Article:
Thursday, August 19, 2010

Laissez-faire is a recipe for failure

The National government's economic policy (and its response to the recession) can be roughly summarised as laissez-faire - take a hands off approach, and leave the market to sort itself out. And somehow, miraculously, by the power of the invisible hand, this will close the gap with Australia by 2025.

Today the new Zealand Institute called bullshit on that approach. Their latest report, A Goal is Not a Strategy looks at the reasons for the gap with Australia and how it might be closed. They find that, contra National, its not a problem of too much public spending, or too few people in jobs. Instead, its a problem of labour market productivity. And this requires strong state intervention to resolve.

The average New Zealand worker is only 57% as productive as an Australian one, creating only $42 of GDP per hour worked compared to Australia's $74. This is a legacy of two things; undercapitalisation - New Zealand managers prefer to strip mine businesses rather than invest in them - and a longstanding "low skill, low wage" employment policy. The solution to this isn't more trial periods or lower wages; that just perpetuates the problem and allows those crap managers to escape the consequences of their short-sightedness by gaining increased profits at the expense of their workers. Instead, the solution is greater investment in education and skills, both for the workforce and for managers and entrepreneurs. Which means that National, with its education cuts and caps on student numbers, is doing exactly the wrong thing.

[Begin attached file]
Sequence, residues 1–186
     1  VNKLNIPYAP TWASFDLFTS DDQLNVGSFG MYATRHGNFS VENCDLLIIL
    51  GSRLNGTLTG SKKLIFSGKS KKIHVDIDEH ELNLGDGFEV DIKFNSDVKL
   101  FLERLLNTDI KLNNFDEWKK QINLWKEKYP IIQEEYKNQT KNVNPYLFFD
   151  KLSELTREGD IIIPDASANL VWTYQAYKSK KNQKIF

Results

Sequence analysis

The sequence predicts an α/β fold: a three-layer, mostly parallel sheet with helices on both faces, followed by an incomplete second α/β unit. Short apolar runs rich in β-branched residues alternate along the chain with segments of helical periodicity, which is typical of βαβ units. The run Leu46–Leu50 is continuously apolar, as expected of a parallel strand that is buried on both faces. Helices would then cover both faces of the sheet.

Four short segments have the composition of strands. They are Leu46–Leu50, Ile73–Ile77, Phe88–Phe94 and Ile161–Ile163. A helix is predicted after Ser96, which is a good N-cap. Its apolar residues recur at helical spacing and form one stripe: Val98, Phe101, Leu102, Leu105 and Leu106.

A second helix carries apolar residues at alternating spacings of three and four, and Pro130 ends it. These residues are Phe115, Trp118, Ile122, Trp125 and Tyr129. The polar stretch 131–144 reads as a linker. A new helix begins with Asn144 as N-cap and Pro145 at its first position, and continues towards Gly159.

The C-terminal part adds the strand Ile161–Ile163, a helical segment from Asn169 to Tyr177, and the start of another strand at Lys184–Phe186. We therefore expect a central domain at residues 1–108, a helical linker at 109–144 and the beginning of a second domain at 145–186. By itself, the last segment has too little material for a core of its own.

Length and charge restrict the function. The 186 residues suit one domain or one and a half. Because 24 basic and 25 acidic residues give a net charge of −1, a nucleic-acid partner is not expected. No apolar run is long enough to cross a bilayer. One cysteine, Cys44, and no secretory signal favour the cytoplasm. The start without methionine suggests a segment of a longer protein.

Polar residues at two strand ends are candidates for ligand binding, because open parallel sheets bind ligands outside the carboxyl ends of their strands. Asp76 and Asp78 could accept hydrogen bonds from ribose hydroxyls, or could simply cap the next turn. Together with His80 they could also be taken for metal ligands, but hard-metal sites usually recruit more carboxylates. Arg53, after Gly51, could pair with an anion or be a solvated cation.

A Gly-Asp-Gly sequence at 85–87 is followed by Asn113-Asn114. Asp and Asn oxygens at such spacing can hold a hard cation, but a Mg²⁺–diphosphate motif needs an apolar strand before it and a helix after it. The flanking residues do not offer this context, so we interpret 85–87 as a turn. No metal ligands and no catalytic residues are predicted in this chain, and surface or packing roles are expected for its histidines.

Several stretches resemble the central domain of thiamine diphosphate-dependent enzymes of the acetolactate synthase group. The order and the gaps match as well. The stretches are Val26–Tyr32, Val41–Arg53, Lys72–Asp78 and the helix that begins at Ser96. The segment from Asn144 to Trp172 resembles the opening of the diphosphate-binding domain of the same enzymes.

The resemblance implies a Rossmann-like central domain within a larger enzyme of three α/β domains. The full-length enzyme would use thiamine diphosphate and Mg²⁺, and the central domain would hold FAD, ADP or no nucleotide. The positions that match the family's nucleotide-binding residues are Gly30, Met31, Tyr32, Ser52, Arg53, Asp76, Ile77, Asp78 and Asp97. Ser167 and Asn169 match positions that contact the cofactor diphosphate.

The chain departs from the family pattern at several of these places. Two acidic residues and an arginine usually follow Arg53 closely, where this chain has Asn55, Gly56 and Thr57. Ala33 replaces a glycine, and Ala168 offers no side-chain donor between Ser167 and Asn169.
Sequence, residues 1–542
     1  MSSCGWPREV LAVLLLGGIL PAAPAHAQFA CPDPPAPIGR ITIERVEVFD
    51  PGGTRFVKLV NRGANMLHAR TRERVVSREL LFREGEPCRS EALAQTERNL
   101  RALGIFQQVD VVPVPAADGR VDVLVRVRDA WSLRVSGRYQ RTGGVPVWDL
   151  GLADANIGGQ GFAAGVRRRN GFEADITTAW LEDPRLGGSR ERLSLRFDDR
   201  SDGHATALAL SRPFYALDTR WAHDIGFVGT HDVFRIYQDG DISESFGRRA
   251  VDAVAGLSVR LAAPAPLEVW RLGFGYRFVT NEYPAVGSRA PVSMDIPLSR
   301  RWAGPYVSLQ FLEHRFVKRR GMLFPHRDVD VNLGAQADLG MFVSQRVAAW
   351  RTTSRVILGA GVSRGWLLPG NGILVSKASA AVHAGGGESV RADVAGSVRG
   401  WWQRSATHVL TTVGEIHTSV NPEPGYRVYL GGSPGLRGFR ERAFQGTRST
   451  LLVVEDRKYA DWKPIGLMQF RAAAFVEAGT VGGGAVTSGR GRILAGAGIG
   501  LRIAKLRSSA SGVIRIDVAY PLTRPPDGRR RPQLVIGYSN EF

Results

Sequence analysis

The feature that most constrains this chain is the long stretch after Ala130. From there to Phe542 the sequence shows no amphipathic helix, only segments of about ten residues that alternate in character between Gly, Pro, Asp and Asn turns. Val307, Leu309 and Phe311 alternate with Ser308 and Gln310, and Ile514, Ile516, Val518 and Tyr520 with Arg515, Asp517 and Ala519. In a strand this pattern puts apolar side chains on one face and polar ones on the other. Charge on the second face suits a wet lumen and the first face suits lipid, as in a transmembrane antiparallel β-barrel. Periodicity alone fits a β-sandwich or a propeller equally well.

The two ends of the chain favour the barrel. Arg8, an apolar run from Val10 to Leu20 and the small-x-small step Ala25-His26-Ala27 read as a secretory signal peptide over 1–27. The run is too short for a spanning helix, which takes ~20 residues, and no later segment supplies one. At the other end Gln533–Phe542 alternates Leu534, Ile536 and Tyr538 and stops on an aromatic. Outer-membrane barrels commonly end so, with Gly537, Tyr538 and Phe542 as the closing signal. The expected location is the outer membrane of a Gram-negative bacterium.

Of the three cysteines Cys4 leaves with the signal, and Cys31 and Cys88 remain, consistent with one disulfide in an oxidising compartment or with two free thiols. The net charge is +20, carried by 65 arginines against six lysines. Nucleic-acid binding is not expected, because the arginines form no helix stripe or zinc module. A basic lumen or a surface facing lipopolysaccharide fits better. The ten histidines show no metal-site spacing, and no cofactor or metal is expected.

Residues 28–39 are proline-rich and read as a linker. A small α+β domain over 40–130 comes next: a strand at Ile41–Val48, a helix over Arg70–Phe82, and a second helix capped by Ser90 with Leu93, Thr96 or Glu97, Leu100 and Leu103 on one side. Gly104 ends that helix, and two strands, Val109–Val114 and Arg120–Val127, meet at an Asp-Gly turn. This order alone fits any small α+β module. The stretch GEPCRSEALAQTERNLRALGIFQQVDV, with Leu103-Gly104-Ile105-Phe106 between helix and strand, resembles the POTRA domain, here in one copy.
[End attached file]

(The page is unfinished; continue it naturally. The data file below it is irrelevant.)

The NZI compares New Zealand to Denmark. Both countries have similar levels of agricultural exports, but Denmark has a vastly larger manufacturing sector, despite having a similar population to New Zealand. Part of this can no doubt be explained by its being in Europe - they have 80 million Germans just to the south, which provide a ready market for their goods. But that's not the only explanation. Denmark has consciously invested in building and diversifying its manufacturing sector, precisely to avoid the trap of being a low-value agricultural exporter. The NZI suggests that we could do the same.

The catch? It requires intervention in the market - an anathema to both the current government and much of the policy community, who are still slaves to the market Darwinism which was so spectacularly successful in the 80's and 90's (irony, for the impaired). While not promoting "picking winners" at the level of particular firms, the NZI is advocating an active industrial policy, with strong government support at the subsector level to help niche sectors grow and provide alternative sources of growth to the farming sector.

National, dominated by jealous farmers and free market purists will no doubt ignore this advice. And by doing so, they'll ensure that their goal of matching Australia by 2025 is never met. Achieving that goal requires active intervention. Laissez-faire is a recipe for failure.